The CIA does not often consider criminal enterprise a grave threat to the National Security of the United States. In fact, the average criminal organization only poses a threat confined to the neighborhoods in which it operates and projects influence. In the southern United States however, and particularly in Mexico, organized crime poses what the CIA calls the second most serious threat to National Security, trailing only behind Al Qaida.

The drug trafficking cartels have established themselves as some of the most violent organizations on earth, using scare tactics more commonly associated with the Middle East war zones then North America. In one Mexican border village, the police chief’s head was found in a bucket of ice outside the police department, and many local and federal cops have been assassinated or paid off. The simple fact is that Mexico does not have the cash to pay and equip its law enforcement personnel as well as the drug cartels can. Estimates vary, but the average guess is that $25 billion found its way from the U.S. to Mexican cartels in the past year, allowing the cartels to offer ‘wages’ unmatchable by legitimate authorities. Recent arrests have shown that the cartels are using former military members, including ex Special Forces types with formal paramilitary training, to combat Mexican authorities. The allure of higher wages caused some 17,000 Mexican soldiers to desert in the past year, according to a recent news article from Fox News. The Wall Street Journal reports that police are attacked with an array of weaponry including M-4 assault rifles, fragmentation grenades, anti-personnel mines, rocket propelled grenades and .50 caliber sniper rifles, all wielded by military trained cartel members with body armor and night vision goggles. The situation on our southern border is perilous, and has caused both the CIA and the State Department to question the stability of the Mexican government.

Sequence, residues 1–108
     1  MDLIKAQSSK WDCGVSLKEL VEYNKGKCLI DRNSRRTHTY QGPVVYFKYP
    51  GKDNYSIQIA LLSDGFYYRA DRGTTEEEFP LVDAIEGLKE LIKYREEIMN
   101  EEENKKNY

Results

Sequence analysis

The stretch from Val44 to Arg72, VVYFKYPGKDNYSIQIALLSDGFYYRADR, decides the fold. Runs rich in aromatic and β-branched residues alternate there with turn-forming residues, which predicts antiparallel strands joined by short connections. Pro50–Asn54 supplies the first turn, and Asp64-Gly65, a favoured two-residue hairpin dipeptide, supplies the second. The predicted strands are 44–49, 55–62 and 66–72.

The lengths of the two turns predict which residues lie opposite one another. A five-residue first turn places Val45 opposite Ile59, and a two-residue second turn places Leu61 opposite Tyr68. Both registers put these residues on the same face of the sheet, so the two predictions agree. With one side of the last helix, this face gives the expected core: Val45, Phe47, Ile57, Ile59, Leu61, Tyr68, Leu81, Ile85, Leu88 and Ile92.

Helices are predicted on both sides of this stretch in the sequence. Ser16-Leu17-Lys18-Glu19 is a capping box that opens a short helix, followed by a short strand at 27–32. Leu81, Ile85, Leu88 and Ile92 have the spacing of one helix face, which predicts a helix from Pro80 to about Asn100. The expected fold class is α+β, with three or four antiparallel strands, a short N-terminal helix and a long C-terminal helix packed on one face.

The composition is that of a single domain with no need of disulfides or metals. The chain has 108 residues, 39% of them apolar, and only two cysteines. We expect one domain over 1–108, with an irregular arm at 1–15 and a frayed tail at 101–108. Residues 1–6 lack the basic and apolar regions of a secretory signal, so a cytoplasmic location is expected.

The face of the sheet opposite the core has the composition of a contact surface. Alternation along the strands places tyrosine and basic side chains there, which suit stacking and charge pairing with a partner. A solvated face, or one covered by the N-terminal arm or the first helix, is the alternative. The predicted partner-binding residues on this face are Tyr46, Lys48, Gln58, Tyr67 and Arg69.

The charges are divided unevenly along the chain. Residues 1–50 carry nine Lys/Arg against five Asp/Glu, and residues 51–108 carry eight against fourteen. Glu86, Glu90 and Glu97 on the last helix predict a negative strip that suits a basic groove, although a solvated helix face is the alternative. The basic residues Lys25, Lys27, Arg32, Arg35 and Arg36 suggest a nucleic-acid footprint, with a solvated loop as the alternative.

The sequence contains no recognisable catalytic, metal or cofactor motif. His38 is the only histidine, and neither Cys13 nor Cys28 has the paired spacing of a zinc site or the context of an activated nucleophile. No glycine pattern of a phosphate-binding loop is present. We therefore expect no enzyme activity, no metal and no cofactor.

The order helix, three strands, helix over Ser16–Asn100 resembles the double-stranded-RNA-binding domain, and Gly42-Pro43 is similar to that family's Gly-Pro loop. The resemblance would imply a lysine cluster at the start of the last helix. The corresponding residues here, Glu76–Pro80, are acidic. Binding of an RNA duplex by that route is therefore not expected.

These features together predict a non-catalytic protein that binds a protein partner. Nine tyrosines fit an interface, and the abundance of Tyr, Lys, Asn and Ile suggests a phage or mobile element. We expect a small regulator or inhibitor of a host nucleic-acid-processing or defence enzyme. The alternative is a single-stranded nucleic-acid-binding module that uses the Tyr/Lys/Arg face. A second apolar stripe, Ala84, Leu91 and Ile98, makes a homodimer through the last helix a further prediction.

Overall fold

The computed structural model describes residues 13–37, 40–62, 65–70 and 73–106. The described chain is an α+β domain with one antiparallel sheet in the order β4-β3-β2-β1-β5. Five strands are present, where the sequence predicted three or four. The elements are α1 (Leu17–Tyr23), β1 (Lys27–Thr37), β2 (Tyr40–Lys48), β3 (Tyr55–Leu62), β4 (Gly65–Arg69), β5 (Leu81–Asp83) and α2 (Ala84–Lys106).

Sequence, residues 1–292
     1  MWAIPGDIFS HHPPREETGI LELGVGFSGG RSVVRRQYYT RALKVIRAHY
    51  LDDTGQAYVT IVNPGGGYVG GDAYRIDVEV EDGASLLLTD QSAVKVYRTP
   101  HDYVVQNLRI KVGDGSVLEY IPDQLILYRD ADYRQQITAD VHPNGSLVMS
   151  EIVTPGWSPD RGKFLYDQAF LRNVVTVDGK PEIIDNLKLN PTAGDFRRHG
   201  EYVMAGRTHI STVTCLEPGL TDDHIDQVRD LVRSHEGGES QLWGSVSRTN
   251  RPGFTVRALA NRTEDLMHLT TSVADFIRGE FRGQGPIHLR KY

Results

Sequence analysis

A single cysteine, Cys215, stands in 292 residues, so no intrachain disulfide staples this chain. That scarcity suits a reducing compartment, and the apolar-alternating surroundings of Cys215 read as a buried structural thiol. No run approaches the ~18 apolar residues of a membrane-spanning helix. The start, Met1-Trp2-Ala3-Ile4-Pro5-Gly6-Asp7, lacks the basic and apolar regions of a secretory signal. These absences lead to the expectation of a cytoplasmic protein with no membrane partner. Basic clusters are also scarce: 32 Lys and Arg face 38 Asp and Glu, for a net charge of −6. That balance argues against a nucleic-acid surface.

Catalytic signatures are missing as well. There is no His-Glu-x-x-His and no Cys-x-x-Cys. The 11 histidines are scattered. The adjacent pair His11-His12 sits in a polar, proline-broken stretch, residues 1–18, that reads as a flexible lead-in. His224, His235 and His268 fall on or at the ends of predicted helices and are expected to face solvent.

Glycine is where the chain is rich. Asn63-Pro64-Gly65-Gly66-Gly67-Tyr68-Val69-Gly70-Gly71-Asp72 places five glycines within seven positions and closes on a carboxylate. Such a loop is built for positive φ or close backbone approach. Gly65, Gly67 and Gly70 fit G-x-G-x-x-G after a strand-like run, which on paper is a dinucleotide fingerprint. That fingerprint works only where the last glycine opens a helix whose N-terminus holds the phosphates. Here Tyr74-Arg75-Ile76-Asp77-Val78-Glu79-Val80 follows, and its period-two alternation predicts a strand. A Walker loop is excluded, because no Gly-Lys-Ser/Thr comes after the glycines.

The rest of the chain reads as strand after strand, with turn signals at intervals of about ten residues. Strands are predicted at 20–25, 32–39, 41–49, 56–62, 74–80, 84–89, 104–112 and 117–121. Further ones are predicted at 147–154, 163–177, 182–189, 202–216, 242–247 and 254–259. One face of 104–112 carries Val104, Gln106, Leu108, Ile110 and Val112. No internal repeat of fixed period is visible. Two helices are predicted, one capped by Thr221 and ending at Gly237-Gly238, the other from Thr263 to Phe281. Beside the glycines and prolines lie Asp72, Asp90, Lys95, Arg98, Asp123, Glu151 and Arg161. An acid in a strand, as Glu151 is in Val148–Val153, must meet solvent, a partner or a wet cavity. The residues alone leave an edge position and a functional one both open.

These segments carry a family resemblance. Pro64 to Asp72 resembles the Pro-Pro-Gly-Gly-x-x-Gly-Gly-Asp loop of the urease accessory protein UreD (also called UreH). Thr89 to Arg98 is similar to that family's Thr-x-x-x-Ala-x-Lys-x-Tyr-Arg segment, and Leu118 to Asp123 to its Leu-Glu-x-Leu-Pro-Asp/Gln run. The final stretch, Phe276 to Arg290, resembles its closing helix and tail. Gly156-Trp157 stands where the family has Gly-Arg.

Those members of the Mexican military and law enforcement establishments who have maintained their loyalty to the state of Mexico deserve respect and admiration for the risks they take to fulfill their duties. However, the U.S. would do well to offer more than kind words of praise for their efforts. There are four steps that should be taken to combat this problem.

First, the U.S. should use the National Guard to augment the Border Patrol and seal more of the gaps along the border. Unmanned drones and infrared technology can also be employed in much greater frequency to detect illegal activity and to allow precision responses to border violations. This would help contain the problem of both drugs and illegal immigration.